In cases when Congress is controlled by the presidency’s party, the President will retain his traditional control. In cases when Congress forces a Premier of the opposite party, a situation called ‘cohabitation‘ arises. The traditional response to this is an internal division of power wherein the Head of State retains control over Defense and Foreign policy and the Prime Minister runs the domestic side of things. In most countries with a semi-presidential system, this is merely a set of norms. I, however, will write it into the Constitution as Finland does because Americans can’t be trusted with norms anymore (THANKS MCCONNELL).

My hope, with all this complex meanderings, is to create a presidency powerful enough to stand up the legislature and counterbalance it’s interests, but less monarchically isolated than our current system. I want parliament to be able to hijack the president’s agenda if it so chooses, but I want the president to be able to block Congress if it goes crazy.

Elections: 

Everything from above will be kept. No more Electoral College, non-partisan district commissions, and federal election holidays. In addition, we’ll move to a multi-round presidential election. And most importantly, we’ll replace first-past-the-post voting with Single-Transferable-Votes, a system I’m stealing from Australia.

STV has all sorts of fancy algorithms and whatnot, but all you need to know is: each congressional district now selects a number of Representatives, and instead of voting for a single candidate, voters rank the choices by order of preference. As candidates win or are eliminated, the vote can transfer from first to second to third choice, etc, etc. This is important because it allows small parties to compete with spoiling other parties, gives voters more flexibility, and allows alliances between parties of similar ideology.

Miscellaneous Constitutional/Legal Issues:

The ‘universal right to vote’ amendment is being retained from the Conservative Scenario.

Instead of some mealy-mouthed discouragement of billionaire’s pouring their cash into elections, we’ll move to a more permanent solution. Either complete public financing or else a highly-regulated and transparent private system. Whichever one I go with, I’m putting it into the Constitution so those maniacs on the Supreme Court can’t screw with it.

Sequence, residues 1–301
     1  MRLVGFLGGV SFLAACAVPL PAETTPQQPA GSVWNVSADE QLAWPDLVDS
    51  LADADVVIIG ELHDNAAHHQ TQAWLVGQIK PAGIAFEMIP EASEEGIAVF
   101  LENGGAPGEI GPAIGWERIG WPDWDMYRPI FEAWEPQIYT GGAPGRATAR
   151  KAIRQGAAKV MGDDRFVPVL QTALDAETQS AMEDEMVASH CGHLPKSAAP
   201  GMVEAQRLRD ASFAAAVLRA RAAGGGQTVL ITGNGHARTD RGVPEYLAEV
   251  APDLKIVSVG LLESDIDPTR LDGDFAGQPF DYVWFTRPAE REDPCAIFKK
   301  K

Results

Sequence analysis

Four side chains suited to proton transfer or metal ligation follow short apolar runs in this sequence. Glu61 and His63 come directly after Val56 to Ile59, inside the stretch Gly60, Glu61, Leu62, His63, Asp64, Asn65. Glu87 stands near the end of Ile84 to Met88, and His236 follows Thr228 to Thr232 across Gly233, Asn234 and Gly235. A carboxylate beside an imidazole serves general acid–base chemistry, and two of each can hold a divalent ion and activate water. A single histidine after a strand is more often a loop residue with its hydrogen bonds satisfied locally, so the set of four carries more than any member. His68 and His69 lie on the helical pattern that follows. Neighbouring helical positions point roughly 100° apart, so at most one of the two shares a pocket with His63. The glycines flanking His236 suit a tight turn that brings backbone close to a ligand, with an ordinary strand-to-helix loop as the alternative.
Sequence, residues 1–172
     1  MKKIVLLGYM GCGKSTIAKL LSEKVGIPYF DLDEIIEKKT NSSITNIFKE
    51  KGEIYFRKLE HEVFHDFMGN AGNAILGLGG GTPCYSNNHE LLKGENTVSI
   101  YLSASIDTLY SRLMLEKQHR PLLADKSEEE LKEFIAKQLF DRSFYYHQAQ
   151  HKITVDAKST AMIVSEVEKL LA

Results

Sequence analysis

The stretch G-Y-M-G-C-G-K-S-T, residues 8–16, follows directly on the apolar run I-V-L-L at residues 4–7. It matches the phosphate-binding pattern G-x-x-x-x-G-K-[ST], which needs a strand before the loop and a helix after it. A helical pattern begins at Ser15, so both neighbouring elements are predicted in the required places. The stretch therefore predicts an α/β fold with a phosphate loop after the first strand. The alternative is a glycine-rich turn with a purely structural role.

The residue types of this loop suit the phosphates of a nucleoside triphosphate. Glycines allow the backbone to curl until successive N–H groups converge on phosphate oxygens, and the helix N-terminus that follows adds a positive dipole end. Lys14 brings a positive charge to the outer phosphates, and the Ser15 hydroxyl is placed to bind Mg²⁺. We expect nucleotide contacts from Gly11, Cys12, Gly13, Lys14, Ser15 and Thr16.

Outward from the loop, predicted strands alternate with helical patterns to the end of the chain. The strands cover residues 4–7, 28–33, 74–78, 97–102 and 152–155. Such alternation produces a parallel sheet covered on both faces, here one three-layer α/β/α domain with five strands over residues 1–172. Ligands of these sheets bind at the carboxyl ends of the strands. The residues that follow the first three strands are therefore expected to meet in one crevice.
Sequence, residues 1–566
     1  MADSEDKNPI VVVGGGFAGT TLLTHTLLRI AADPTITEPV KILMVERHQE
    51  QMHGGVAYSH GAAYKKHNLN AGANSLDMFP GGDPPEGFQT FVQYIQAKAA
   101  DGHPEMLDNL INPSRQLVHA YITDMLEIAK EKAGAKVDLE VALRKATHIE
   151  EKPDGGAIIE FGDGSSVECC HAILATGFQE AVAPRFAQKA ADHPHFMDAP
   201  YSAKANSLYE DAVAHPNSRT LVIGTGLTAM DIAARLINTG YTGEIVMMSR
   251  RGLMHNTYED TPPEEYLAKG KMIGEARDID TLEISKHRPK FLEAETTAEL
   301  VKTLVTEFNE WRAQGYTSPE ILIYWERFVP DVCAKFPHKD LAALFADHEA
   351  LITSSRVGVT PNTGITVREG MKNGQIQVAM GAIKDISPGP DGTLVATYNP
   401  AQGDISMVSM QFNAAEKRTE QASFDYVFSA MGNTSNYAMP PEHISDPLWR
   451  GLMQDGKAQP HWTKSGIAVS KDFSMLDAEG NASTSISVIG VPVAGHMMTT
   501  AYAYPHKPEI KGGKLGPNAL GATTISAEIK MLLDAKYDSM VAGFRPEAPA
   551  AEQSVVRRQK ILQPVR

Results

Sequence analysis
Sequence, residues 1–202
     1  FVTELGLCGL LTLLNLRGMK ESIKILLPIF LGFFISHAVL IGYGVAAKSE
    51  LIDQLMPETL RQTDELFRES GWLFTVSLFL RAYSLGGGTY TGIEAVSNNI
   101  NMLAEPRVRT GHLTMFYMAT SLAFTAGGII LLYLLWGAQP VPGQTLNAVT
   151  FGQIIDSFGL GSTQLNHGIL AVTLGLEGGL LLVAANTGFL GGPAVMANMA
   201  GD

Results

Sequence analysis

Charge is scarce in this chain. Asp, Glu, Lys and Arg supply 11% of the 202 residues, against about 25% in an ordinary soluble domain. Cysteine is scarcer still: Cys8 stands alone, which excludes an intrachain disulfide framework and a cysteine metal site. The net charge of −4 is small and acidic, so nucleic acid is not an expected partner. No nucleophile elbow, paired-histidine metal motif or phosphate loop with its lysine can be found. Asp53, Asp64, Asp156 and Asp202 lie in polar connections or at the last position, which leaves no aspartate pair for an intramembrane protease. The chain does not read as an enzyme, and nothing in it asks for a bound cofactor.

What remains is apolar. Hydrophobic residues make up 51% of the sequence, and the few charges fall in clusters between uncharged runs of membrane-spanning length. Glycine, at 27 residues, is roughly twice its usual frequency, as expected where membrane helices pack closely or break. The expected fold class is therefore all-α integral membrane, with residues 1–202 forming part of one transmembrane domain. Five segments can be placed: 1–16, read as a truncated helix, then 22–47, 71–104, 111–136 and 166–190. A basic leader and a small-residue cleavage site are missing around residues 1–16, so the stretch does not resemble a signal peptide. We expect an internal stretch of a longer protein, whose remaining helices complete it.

As long as we’re here, I’m tossing out the Second Amendment. Completely. Plus, I plan of adding some provisos to the Bill of Rights clarifying that the Actual Malice Standard must be used in interpretations and that Justice Black’s famous statement that Freedom of Speech is “wholly ‘beyond the reach’ of federal power to abridge… I do not believe that any federal agencies, including Congress and the Court, have power or authority to subordinate speech and press to what they think are ‘more important interests'” is the desired intent of the First Amendment.

Back to the Eternity Clause! So, obviously, we’re keeping everything from last time. Namely:

  • The United States to be a democratic government, power exercised through elected officials and organs.
  • The United States to be a secular republic, having no established Church.
  • The absolute equality before the Law of all people, irregardless of race, religion, gender, or sex.
  • Human Rights: Neither the United States government or the governments of its states may deny its people the rights enumerated in this document.
  • The independence of the judiciary must be respected.

But we’re making some additions now I’ve assumed Supreme Secular Power. First, we’ll borrow another principle from the German Eternity Clause, namely Article 20, Paragraph One, referring to the Social State. It’s Welfare State O’Clock! Yeah, I’m writing in a basic right to health care, housing, and food into the Goddamn Constitution! Take THAT Libertarians! I’ll have to word it vague enough that governments still have a lot of discretionary power over policy, but I want this to be part of fundamental American law.

Secondly, I’m putting in a guaranteed right to abortion because Goddammit this is my constitution I can do whatever I want.

Finally, I’m going to be instituting a policy of Laïcité. In theory, I like the American system of the civil government taking no official recognizance of religion in any way to the French system of aggressive secularism. Unfortunately, due to the ongoing quest of the Religious Right to assume control over the American state and turn into the Republic of Gilaed, that has become untenable. My version of American laïcité would: (1) reaffirm the fundamental freedom of worship of all persons, (2) define the USA as a secular republic, and (3) make it impossible to enact any law specifically intended to enact religious objectives. I don’t think there’s any need to go as far as France does and ban personal expressions of religion by government employees, but I’m quite comfortable with rendering any policy passed explicitly because of religion principles unconstitutional.

Religious organizations would be granted wide-ranging religious freedom exceptions, but ‘religious organizations’ would be strictly defined as only churches, temples, etc. Companies with ‘religious principles’ can follow the damn law. Oh, and we’re adding the Johnson Amendment to this by the way.

 

That all sound good? Excellent. NOW MAKE ME KING OF AMERICA

Concorde_Assemblée_Nationale.jpg

The Palais Bourbon, home of the French National Assembly

Thanks to Cooper Doyle for his proofreading and editing help!

Advertisements

Leave a Reply

Fill in your details below or click an icon to log in:

WordPress.com Logo

You are commenting using your WordPress.com account. Log Out / Change )

Twitter picture

You are commenting using your Twitter account. Log Out / Change )

Facebook photo

You are commenting using your Facebook account. Log Out / Change )

Google+ photo

You are commenting using your Google+ account. Log Out / Change )

Connecting to %s